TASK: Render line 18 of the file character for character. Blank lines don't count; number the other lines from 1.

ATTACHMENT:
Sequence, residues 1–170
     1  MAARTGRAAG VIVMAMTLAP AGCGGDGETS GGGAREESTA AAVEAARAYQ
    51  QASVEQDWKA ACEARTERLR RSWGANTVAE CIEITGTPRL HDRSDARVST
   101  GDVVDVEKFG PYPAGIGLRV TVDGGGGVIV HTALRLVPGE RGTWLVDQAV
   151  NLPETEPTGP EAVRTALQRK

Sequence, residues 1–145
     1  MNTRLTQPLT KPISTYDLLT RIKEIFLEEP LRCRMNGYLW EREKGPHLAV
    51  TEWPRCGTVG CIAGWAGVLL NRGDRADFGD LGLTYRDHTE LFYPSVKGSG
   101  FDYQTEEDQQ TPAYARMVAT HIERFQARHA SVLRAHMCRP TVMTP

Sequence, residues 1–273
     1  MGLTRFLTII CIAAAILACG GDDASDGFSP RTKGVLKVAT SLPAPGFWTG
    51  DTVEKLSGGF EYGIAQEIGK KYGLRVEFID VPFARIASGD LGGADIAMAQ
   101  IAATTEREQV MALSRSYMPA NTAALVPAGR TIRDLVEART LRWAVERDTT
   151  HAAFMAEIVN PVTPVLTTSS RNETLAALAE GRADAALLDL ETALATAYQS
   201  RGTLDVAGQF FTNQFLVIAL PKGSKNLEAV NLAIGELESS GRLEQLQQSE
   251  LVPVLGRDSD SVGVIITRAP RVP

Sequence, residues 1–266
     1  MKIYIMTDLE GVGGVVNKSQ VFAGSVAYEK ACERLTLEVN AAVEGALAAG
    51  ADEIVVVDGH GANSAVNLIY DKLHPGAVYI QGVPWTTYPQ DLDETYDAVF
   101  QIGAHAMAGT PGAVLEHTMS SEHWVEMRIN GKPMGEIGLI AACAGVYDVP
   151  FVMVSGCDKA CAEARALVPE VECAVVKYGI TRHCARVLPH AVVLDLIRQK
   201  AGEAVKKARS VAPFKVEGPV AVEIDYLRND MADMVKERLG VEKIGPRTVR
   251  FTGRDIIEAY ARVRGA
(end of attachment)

     1  MKIYIMTDLE GVGGVVNKSQ VFAGSVAYEK ACERLTLEVN AAVEGALAAG